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Relevant LO’s… B2.6 Aerobic and anaerobic respiration B2.6.1 Aerobic Respiration The chemical reactions inside cells are controlled by enzymes During aerobic.

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Presentation on theme: "Relevant LO’s… B2.6 Aerobic and anaerobic respiration B2.6.1 Aerobic Respiration The chemical reactions inside cells are controlled by enzymes During aerobic."— Presentation transcript:

1 Relevant LO’s… B2.6 Aerobic and anaerobic respiration B2.6.1 Aerobic Respiration The chemical reactions inside cells are controlled by enzymes During aerobic respiration (respiration that uses oxygen) chemical reactions occur that:  Use glucose (a sugar) and oxygen  Release energy Aerobic respiration takes place continuously in both plants and animals Most of the reactions in aerobic respiration take place inside mitochondria Aerobic respiration is summarised by the equation: Glucose + oxygen -> carbon dioxide + water (+ energy) Energy that is released during respiration is used by the organism. The energy may be used:  To build larger molecules from smaller ones  In animals, to enable muscles to contract  In mammals and birds, to maintain a steady body temperature in colder surroundings  In plants, to build up sugars, nitrates and other nutrients into amino acids which are then built up into proteins During exercise a number of changes take place:  The heart rate increases  The rate and depth of breathing increases These changes increase the blood flow to the muscles and so increase the supply of sugar and oxygen and increase the rate of removal of carbon dioxide Muscles store glucose as glycogen, which can then be converted back to glucose for use during exercise

2 Relevant LO’s B2.6.2 Anaerobic Respiration During exercise, if insufficient oxygen is reaching the muscles they use anaerobic respiration to obtain energy Anaerobic respiration is the incomplete breakdown of glucose and produces lactic acid **As the breakdown of glucose is incomplete, much less energy is released than during aerobic respiration. Anaerobic respiration results in an oxygen debt that must be repaid in order to oxidise lactic acid to carbon dioxide and water** (HT only) If muscles are subjected to long periods of vigorous activity, they become fatigued and stop contracting efficiently. One cause of muscle fatigue is the build up of lactic acid in the muscles. Blood flowing through the muscles removes the lactic acid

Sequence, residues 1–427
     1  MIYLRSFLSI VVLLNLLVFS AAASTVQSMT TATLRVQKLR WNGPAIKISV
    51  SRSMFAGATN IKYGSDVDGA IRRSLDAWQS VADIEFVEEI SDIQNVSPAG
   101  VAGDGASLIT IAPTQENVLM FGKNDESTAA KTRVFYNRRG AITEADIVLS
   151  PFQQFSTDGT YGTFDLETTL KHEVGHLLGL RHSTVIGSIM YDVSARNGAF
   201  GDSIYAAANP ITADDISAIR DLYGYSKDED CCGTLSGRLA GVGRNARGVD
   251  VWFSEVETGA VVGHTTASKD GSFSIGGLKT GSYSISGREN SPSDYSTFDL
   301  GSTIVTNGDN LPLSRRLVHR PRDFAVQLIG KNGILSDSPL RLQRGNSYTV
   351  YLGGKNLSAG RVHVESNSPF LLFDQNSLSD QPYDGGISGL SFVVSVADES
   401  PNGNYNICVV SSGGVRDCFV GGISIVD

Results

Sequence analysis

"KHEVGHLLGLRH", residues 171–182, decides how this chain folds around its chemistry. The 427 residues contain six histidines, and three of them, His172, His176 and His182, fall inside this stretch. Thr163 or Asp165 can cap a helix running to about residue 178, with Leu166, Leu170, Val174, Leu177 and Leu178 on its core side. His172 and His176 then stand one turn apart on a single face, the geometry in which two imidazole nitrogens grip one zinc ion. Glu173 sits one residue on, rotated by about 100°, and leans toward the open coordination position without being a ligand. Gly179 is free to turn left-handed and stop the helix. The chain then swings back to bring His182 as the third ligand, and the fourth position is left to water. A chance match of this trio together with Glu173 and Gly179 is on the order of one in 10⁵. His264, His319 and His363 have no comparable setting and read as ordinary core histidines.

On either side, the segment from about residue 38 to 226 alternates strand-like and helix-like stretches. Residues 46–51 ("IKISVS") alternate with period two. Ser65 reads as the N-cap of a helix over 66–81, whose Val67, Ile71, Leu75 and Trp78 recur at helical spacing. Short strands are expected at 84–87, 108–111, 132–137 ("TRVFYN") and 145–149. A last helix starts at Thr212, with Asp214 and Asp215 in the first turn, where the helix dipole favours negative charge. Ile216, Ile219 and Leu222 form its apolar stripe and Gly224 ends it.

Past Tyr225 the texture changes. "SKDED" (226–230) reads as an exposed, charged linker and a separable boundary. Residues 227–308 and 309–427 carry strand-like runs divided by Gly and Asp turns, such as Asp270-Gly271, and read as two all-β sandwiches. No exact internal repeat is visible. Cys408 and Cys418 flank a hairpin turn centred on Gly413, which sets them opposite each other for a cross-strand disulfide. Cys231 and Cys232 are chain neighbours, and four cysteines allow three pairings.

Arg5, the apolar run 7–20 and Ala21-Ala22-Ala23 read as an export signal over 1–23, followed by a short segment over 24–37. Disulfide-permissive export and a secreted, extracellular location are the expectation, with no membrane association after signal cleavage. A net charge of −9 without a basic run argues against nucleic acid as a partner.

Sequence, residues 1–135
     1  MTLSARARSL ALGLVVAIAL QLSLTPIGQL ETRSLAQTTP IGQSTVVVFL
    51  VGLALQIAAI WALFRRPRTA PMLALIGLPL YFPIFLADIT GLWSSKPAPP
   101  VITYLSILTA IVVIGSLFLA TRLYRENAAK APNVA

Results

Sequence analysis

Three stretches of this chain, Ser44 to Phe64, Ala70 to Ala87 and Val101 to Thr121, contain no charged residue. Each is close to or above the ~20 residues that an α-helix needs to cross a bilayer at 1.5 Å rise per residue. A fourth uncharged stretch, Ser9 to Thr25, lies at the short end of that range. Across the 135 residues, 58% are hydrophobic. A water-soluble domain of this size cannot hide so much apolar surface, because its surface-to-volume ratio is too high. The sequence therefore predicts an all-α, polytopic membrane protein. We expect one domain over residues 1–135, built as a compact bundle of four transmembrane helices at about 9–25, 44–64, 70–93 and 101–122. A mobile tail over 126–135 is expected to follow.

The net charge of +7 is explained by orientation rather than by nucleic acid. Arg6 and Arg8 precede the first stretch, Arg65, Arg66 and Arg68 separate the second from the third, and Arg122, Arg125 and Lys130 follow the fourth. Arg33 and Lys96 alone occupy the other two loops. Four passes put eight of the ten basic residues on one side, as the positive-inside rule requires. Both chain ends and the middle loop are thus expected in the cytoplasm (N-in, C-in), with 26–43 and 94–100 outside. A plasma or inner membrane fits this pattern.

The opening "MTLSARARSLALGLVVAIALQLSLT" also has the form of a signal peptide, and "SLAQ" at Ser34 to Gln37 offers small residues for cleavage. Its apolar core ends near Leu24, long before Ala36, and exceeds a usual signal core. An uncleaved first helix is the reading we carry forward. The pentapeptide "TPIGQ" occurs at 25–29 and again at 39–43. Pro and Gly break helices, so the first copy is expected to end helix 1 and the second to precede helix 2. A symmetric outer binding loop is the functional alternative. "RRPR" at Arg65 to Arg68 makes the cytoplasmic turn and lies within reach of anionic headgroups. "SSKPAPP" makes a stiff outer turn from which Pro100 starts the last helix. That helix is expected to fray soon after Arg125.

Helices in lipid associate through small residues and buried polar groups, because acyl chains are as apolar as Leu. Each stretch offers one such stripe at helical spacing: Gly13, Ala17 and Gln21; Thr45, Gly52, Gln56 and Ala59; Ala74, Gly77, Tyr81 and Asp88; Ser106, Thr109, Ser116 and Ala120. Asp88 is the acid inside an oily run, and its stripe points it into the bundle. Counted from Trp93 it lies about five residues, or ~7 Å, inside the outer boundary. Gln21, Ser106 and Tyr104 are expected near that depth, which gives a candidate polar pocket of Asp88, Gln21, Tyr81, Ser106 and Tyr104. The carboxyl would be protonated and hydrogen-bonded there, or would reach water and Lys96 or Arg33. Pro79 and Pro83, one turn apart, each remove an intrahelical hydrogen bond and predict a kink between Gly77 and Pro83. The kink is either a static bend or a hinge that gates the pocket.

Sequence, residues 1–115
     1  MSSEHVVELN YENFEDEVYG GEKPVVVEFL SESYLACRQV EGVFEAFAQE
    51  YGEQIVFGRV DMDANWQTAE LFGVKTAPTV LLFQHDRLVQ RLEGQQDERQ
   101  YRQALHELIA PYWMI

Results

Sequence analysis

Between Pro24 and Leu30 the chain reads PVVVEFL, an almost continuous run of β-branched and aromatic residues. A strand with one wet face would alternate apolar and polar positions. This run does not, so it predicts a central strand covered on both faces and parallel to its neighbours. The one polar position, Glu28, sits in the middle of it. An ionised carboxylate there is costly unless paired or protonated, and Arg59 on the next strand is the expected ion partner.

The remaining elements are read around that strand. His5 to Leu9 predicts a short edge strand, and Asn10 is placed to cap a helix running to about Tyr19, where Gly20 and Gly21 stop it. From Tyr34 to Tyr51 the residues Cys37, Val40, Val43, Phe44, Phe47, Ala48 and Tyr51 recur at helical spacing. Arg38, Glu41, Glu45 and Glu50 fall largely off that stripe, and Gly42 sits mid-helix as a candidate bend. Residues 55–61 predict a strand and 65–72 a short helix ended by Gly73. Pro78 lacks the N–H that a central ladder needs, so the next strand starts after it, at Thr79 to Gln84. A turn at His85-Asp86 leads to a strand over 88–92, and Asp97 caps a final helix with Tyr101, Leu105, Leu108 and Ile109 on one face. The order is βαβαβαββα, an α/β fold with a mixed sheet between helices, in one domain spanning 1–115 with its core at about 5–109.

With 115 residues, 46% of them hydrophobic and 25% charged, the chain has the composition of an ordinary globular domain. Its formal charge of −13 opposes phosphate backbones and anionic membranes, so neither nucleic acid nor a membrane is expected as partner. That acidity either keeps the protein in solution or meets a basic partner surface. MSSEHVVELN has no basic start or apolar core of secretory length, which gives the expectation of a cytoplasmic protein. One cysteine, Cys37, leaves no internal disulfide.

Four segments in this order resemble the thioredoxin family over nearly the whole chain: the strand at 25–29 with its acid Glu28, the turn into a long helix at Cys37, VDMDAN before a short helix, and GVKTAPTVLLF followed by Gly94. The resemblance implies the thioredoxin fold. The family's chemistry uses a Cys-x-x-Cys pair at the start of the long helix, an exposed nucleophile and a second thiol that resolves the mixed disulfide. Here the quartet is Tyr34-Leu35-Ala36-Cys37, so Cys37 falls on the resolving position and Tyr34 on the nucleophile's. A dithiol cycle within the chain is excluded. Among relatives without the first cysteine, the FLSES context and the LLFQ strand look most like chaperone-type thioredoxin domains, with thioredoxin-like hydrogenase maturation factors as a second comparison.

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4 Short Answer Questions 1.Respiration is a chemical process. a)Where does respiration take place? Circle the correct answer. (1) chloroplasts mitochondria nuclei ribosomes b) Which food material is used in respiration? _________________________________________________________________ (1) c) Name the two waste materials that are produced in respiration. _________________________________________________________________ (2) d) Respiration is important in muscle contraction. Explain why. _________________________________________________________________ (2) 2. a) Copy and complete the word equation for aerobic respiration. Oxygen + __________ -> Water + __________ (+ energy) b) i) Which substance is missing in anaerobic respiration? _________________________________________________________________ (1) ii) What is made during anaerobic respiration? _________________________________________________________________ (1) iii) Muscles get tired during anaerobic respiration. Explain why. _________________________________________________________________ (1)

5 Past Paper Question – Longer Answer In this question, you will be assessed on using good English, organising information clearly and using specialist terms where appropriate The bar charts show what happens in an athlete’s muscles when running in two races of different distances. The equations show two processes that occur in muscle cells. Use all the information to explain what happens in the athlete’s muscles when running in the two races (6) Aerobic Respiration Glucose + Oxygen -> Carbon Dioxide + Water Anaerobic Respiration Glucose -> Lactic Acid 100m race 1500m race Rate at which muscles transfer energy (average) Rate at which muscles produce carbon dioxide (average)

6 5-6 marks3-4 marks1-2 marks0 marks There is a clear, balanced and detailed explanation about the differences between the two races in terms of aerobic and anaerobic respiration The answer is coherent and in a logical sequence It contains a range of appropriate or relevant specialist terms used accurately The answer shows few errors in spelling, punctuation and grammar There is some attempt to explain the differences between the two races in terms of respiration The answer has some structure and organisation The use of specialist terms has been attempted, but not always accurately There may be some errors in punctuation, spelling and grammar There is a brief description of the differences between the two races, which has little clarity and detail The answer is poorly constructed with an absence of specialist terms or their use demonstrates a lack of understanding of their meaning The spelling, punctuation and grammar are weak No relevant content Examples of biology points made in the response: Use all the information to explain what happens in the athlete’s muscles when running in the two races (6 marks) Energy is transferred faster in the 100m race Carbon dioxide produced faster during the 1500m race/more Carbon dioxide produced Correct reference to twice/half as fast in either/both cases Respiration during 100m race (mainly) anaerobic Respiration during 1500m race (mainly) aerobic Aerobic respiration produced carbon dioxide Anaerobic respiration produced lactic acid


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